Here's Exactly What To Do for a Nosebleed - Mon Wellness
Here's Exactly What To Do for a Nosebleed

Here’s Exactly What To Do for a Nosebleed

I I do not know about you, but I have nosebleeds so rarely that when they do occur, I hear conflicting advice on how to treat them. In elementary school, an adult told me to tilt my head back, but I was told to bend over in front of the college. A colleague once said that I should get up instead of sitting down. (I have not done it again, but I’m sure someone would have another creative recommendation on what to do.)

If you have also I wondered what exactly to do about a nosebleed, I asked Andrea Paul, MD, Illuminate Labs doctor and medical consultant, about what to do when you look like Eleven from Stranger Things (without the superpowers that cause nosebleeds).

Sit up straight and lean forward slightly

Sitting upright and leaning slightly forward allows blood to flow out of the body through the nose and slightly lowers blood pressure compared to leaning back, says Dr. Paul. It is also important to prevent blood from running down your throat, which can clog your airways or cause nausea and vomiting, he says.

Squeeze both sides of the nose

“Nose compression during a nosebleed is recommended in clinical practice because it can help slow bleeding,” says Dr. Paul. “It seems unsightly and it may be uncomfortable, but it is a good first step.” You should do this for about 10-15 minutes, according to the Mayo Clinic.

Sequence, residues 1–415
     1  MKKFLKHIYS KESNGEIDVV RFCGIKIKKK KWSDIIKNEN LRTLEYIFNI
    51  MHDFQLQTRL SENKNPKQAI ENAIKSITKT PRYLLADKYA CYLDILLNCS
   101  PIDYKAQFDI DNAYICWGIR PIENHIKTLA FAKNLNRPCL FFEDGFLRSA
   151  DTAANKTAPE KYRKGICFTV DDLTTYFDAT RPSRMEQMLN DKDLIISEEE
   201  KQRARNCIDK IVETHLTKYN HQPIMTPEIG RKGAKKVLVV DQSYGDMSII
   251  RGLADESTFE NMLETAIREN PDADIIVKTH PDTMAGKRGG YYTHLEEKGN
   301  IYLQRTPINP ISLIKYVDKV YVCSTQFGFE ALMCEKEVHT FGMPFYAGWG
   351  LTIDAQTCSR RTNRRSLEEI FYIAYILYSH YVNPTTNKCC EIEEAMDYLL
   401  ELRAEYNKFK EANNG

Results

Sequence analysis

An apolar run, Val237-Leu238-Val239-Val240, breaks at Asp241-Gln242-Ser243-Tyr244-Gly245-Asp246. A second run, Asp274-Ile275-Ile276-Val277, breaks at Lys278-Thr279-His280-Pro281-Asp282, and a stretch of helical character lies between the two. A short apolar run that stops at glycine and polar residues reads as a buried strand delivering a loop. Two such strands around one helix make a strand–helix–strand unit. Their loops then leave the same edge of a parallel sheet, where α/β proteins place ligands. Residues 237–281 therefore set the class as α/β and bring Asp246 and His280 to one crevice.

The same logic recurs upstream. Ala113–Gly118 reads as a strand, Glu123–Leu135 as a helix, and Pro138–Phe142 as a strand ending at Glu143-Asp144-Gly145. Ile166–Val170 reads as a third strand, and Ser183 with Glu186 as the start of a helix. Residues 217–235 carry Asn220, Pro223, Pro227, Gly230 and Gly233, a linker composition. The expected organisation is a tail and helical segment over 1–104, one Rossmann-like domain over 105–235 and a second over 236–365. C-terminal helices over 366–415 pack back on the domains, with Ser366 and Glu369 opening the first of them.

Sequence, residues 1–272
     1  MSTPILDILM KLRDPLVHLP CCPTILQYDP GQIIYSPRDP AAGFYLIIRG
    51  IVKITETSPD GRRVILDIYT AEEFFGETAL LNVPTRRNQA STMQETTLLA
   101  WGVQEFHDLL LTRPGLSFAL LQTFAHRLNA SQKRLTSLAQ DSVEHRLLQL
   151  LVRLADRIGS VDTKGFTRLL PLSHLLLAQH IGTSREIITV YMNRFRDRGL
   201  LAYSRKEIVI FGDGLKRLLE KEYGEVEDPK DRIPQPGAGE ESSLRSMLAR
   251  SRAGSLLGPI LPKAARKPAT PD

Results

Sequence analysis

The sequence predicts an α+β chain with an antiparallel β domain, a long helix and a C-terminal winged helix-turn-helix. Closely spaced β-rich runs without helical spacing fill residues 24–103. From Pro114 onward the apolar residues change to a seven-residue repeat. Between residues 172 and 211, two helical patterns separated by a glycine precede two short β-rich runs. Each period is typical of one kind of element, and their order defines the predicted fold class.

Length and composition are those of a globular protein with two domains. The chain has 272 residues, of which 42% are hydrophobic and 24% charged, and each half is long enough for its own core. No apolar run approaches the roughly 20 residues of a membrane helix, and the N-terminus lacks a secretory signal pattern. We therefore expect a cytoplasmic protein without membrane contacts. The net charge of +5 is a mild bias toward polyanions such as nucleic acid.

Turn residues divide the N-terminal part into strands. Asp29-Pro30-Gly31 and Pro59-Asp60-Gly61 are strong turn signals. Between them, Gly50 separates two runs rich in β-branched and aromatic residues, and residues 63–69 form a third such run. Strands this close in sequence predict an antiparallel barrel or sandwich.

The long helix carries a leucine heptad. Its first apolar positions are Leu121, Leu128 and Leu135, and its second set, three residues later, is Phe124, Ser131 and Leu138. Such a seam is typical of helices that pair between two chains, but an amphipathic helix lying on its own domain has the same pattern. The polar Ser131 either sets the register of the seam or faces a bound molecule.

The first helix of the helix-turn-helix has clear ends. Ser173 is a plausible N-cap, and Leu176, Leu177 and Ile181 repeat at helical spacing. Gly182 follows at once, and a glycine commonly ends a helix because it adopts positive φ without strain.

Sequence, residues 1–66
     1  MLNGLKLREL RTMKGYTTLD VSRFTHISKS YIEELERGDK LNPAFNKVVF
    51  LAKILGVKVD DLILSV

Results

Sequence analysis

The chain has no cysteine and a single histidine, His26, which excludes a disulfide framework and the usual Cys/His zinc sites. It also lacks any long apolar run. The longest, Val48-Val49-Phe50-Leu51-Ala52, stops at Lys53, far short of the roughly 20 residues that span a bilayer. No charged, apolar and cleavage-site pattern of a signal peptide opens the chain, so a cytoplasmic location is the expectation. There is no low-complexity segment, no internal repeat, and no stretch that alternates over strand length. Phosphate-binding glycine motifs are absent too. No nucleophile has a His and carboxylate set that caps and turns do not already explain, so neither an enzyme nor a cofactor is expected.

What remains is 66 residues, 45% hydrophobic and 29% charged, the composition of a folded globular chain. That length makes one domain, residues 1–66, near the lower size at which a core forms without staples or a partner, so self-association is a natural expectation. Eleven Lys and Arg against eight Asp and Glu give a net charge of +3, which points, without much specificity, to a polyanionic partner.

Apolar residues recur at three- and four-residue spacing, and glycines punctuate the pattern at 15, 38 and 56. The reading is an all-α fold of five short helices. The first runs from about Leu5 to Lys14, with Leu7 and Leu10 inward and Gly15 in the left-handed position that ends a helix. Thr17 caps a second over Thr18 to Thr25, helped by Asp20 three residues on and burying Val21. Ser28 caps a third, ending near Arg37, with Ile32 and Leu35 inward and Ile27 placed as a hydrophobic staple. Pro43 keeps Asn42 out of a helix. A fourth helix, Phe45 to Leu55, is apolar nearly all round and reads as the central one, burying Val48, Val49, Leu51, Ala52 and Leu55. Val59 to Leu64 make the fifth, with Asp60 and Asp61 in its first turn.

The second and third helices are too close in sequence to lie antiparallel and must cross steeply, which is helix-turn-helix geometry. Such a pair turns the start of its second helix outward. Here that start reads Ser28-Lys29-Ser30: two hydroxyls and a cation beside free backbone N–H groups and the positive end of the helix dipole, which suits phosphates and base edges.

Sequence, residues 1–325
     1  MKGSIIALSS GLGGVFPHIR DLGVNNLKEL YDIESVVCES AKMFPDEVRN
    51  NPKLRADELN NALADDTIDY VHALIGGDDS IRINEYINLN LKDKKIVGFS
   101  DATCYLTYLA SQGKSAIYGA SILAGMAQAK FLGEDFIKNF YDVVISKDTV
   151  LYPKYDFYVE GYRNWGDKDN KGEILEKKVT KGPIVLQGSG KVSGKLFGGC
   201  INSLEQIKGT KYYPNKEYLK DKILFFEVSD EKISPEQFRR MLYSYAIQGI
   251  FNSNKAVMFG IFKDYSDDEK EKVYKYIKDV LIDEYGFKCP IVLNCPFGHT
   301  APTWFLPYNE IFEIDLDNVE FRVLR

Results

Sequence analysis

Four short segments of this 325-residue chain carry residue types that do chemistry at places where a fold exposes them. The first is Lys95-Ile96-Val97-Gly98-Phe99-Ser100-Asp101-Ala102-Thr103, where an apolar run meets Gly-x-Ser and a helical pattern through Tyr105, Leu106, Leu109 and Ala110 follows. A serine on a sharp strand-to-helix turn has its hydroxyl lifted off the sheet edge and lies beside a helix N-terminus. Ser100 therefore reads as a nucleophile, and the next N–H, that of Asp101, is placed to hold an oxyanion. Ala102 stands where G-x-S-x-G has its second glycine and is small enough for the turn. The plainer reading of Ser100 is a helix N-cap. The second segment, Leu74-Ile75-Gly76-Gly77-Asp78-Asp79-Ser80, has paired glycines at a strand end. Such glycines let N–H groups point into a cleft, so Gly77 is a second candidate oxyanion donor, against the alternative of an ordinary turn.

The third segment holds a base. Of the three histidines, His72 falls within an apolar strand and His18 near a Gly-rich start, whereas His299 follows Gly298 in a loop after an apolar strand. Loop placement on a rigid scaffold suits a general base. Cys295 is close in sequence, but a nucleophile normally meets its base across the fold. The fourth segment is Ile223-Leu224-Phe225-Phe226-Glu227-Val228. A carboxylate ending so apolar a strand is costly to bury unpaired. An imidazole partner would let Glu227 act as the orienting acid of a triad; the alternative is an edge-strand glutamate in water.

Apply ice

Applying ice causes vasoconstriction, which means that the blood vessels narrow and reduce bleeding. The ice can alternate between local points, such as the area between the eyes, the bridge of the nose and the inner cheeks near the point of bleeding and discomfort, says Dr.

If possible, use an ice pack instead of ice in a bag that is more likely to melt quickly and be less effective, says Dr. Paul.

Seek medical help for long-term or frequent nosebleeds

Even if you control nosebleeds with the above steps, it is important to see a doctor if nosebleeds occur more than ever. It could be a sign that something more serious is happening, according to Dr. Paul. The Mayo Clinic also recommends that nosebleeds should not last longer than 30 minutes. Therefore, if they do, seek medical attention.

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